Another mother whose daughter is diagnosed with anxiety and ADHD, says that class sizes and long wait lists are forcing her to pay out-of-pocket for an occupational therapist and a counsellor because the schools are backlogged more now than ever. 

"You can't pour from an empty cup. But our schools are. And not only are those cups empty, they have cracks and holes in them from chronic under-funding," she said.

.And a list of quick facts handed out at the event notes the stark reality facing education in the province. 

In the 2022-23 school year, there was: 

  • one social worker per 2588 students, 
  • one psychologist per 2904 students,
  • and one speech pathologist per 1412 students

"Teachers are fighting and it's sad that we have to use that term, that this is a battle that we are fighting for our kids. But we can not win that battle alone," Becotte said. 

Tom Kroczynski, a teacher from the Battlefords — expected to win The Battlefords NDP Nomination later in November — told the News-optimist that although the government has tried to make it about teacher's salaries with a recent billboard campaign, he said it's so much more.

"It isn't just teachers here, it's parents, kids, and even concerned people in the community that want a strong public education system. We're here to say, this is really important," he said.

"This is for the kids. This is for the community," Kroczynski added.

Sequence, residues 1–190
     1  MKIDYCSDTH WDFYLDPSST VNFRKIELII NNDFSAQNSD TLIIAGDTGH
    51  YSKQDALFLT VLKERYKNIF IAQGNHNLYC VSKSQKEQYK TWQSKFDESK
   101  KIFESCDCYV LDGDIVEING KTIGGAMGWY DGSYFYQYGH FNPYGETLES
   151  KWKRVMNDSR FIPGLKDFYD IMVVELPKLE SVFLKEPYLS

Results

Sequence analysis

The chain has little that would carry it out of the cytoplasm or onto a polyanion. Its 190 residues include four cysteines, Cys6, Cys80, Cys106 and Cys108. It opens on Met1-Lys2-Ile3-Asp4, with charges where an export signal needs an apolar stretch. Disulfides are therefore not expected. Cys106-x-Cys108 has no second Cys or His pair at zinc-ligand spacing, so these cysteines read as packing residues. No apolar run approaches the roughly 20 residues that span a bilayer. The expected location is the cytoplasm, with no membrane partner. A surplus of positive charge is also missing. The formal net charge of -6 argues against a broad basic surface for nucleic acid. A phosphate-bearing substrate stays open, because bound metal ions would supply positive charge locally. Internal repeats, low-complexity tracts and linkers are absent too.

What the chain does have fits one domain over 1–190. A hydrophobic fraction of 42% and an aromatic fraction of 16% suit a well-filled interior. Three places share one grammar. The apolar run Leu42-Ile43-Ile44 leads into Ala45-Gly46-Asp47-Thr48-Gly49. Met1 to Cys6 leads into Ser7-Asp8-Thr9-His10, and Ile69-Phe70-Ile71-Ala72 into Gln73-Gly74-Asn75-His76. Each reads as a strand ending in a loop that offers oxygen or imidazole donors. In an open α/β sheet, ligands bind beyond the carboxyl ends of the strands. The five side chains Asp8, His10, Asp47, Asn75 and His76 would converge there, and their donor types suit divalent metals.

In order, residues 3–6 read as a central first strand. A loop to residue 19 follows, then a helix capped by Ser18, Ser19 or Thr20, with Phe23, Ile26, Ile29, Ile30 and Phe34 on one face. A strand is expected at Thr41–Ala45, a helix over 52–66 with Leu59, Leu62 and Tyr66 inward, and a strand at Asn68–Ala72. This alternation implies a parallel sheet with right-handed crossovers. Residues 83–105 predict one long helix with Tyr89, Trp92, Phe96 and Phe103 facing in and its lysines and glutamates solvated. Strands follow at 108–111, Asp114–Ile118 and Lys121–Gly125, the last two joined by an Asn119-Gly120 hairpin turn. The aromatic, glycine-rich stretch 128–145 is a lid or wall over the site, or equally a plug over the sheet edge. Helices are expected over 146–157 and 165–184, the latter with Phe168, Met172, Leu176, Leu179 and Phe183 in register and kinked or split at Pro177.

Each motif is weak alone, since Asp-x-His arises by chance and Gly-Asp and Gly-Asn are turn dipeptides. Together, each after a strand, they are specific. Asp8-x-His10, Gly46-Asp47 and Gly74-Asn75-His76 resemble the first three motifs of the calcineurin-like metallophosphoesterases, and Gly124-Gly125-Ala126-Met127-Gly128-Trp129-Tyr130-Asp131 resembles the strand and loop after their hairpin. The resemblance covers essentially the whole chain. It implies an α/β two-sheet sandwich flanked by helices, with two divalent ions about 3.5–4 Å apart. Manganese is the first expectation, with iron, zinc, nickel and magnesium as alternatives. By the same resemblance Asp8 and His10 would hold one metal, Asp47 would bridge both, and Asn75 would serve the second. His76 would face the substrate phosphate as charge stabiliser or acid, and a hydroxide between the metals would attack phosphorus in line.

He noted that violence in schools, an educational assistant shortage, and class size and complexity are just a few of the nearly a dozen issues facing the education system in the Battlefords and the province.

"Those [concerns] were brought before the government board and those guys aren't acting on it at all. The worst thing is that they're not willing to negotiate anything really, and we've already seen the offer on the billboard," he said, referencing again a billboard campaign the government came under fire for early this year. 

When asked what he might say to the government or Minister Cockrill if they were at the rally, listening to people in the Battlefords, he said,

"I know they've got other things going on but I think it's really important for him (Jeremy Cockrill) to come and hear what teachers and the community is saying about what needs to happen in education."

And those thoughts were mirrored by Erika Ritche (MLA for Saskatoon-Nutana) who was present at the rally. She said that she came out to bear witness to the struggles facing teachers, students, parents, and educators.

"I was very moved by the two parents who bravely stood up and talked about the challenges that their family are facing," she said, reiterating concerns that parents are paying out-of-pocket for services that should be public.

"Teacher's working conditions are our student's learning conditions."

Ritchie hopes that the government will not only sit at the bargaining table but will negotiate with educators in the province moving forward.

"We know that we're stronger together... we want better from the government."